13 June 2010

Mongolia: The Capital

(As mentioned previously, due to the Great Firewall of China (http://en.wikipedia.org/wiki/List_of_websites_blocked_in_the_People's_Republic_of_China), posting is a pain, and posting link and photos isn’t possible, so each blog entry will be that bit more plain until Hong Kong (unless I could be bothered posting them somewhere else and putting links to them).)

Ulaanbaatar can be quite crazy, and would be a stressful place to live in. Crossing the street is a nightmare, and traffic barely obey signals, pedestrian crossings etc. The best way to navigate the madness is to make sure you cross when a local is crossing, and make sure they are traffic side, for a buffer, just in case.

It also felt relatively unsafe in comparison to Russian cities. The Russians have a bad press for their country being a dangerous place, but we didn’t get that feeling at all. I think if you want to get into business in Russia, that’s when the danger comes in. The Russian Mafia can’t be bothered with small fry tourists when there is so much more money (with less hassle) to be made elsewhere.

The amount of cops on the street also made it feel safe, typical authoritarian state. The police can be considered dangerous, as many people told us, but again, foreign tourists can be too much of a hassle for them, as they may complain to embassies etc. Better to try and get bribes off the locals.

On arrival at the train station, we met with a guy who’d we’d shared a hostel with in Irkutsk, and the first thing he told us was that him and a mate almost got mugged the previous night after a few beers. The number of people we met with similar stories or bag-slashing/pick-pocketing stories was quite high.

At the hostel, the Golden Gobi, we met a few interesting people (including the other guy who almost got mugged). There was an Aussie who’d biked all the way through China to UB illegally; an American who wanted to bike from UB to Russia, and then onto the Stans (http://en.wikipedia.org/wiki/Central%20Asia) (he failed after 4 days, Mongolia is difficult biking terrain, and lonely); a Japanese marathon women (who we guessed is about 65); German couple who bought horses and headed out of town on them; a couple of musicians who played Beatles songs very badly, but in an endearing way.

The hostel owners were simply money grabbing gits. They could be very friendly and charming when they think they can get money out of you, but do a volte-face when there it seems there is no more money to be made. I do have to admit that their hostel was very good though, centrally located with wifi, a good kitchen and a couple of chill-out rooms, and well-priced.

Initially they were very friendly as we wanted to do a tour with them, which is where I think they make their real money (the well-priced hostel may be a loss-leader). After the tour though, they shunted us into a room in a different part of the building, with only a shower. Also, they wouldn’t give us all the info needed to get to the Office of Immigration so that Audrey could extend her visa; eventually we used one of their drivers to take us there, as they said it would be easier to get it sorted. It wasn’t easier, as the driver didn’t know the regulations, and we were able to get a Taxi for half the price when we went back a few days later to pick up the passport.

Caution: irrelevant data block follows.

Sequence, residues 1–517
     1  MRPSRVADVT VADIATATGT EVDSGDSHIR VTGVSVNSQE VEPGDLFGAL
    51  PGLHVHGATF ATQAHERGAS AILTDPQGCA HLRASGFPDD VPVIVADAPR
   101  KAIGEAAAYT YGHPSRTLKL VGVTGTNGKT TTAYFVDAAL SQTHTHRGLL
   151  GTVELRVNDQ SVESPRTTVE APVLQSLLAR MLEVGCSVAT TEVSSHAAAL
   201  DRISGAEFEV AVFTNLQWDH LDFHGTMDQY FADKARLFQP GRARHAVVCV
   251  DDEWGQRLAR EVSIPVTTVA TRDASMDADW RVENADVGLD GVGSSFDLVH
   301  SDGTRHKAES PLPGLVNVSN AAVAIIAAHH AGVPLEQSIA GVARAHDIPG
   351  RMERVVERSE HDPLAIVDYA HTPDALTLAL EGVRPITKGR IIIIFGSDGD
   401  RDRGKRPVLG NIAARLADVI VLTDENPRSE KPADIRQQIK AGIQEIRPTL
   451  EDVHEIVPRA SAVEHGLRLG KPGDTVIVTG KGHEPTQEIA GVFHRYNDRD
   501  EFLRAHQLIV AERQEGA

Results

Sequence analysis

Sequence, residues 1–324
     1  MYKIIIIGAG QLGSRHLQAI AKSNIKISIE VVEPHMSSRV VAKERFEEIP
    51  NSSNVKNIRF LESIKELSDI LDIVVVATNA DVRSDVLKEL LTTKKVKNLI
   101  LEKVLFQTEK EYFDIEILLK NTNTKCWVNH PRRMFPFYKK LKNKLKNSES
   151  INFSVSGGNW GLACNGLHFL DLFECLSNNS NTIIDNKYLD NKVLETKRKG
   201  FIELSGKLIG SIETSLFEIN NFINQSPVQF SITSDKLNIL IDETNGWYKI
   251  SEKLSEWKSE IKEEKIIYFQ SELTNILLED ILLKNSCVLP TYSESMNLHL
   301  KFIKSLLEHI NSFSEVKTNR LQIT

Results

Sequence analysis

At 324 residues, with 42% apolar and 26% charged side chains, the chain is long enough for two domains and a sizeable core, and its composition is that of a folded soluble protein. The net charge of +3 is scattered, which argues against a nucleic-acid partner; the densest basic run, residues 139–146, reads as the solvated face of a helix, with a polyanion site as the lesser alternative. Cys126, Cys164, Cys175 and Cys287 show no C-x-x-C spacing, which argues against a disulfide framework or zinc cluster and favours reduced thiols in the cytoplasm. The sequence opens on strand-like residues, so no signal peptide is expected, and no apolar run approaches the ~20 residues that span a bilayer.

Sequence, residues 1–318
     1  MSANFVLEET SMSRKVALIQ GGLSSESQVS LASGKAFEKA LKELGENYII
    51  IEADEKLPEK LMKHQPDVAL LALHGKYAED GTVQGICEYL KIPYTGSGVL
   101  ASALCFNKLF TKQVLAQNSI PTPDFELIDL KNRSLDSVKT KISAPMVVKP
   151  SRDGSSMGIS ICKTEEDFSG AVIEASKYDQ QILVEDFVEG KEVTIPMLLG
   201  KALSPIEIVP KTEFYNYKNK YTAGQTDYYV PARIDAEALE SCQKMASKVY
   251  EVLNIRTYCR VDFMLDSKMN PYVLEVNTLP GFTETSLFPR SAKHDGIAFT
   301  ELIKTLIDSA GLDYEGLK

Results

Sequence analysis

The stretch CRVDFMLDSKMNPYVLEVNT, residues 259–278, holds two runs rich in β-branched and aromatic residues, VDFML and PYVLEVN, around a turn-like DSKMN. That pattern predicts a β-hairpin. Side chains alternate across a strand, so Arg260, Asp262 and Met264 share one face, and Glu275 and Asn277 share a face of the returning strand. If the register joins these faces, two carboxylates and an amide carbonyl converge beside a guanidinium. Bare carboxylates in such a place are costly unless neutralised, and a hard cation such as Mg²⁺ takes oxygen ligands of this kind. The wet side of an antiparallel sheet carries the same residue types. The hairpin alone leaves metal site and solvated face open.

We bought tickets for a wrestling tournament (lasted 4 hours for £1.50, great value). With 256 competitors being whittled down to 1 winner, it starts off with about 15-20 fights going on at any one time on the arena floor. Battle Royal (http://en.wikipedia.org/wiki/Battle%20royal)/Royal Rumble (http://en.wikipedia.org/wiki/Royal%20Rumble) wouldn’t be in it. Some of the match-ups were over in seconds (due to their being no age/weight groups), while others could last for up to 30 minutes. There were a quite few impressive moves and gruelling battles, while all was done with the upmost sportsmanship.

There was also a huge “Black Market” there, where it was possible to buy nearly anything (we heard rumours that the German couple bought their horses there). Was pretty dodgy, but also extremely interesting. The International Intellectual Museum (really a wooden puzzle museum) kept us amused for an hour or so with those complicated wooden puzzles that you can only solve if you know the knack amongst other things.

Food was good; we had an interesting mix of local food, decent western grub and other east Asian dishes. After each excursion, we tended to go for anything that wasn’t local, as there is only so much mutton a person can take.

2 comments:

Kevin said...

Wow! Mongolia was under Chinese web censorship as well? I thought it is an independent country!

Paula said...

A mongolian BBQ could have been had on the Ormeau Road - no need to go that far ;-0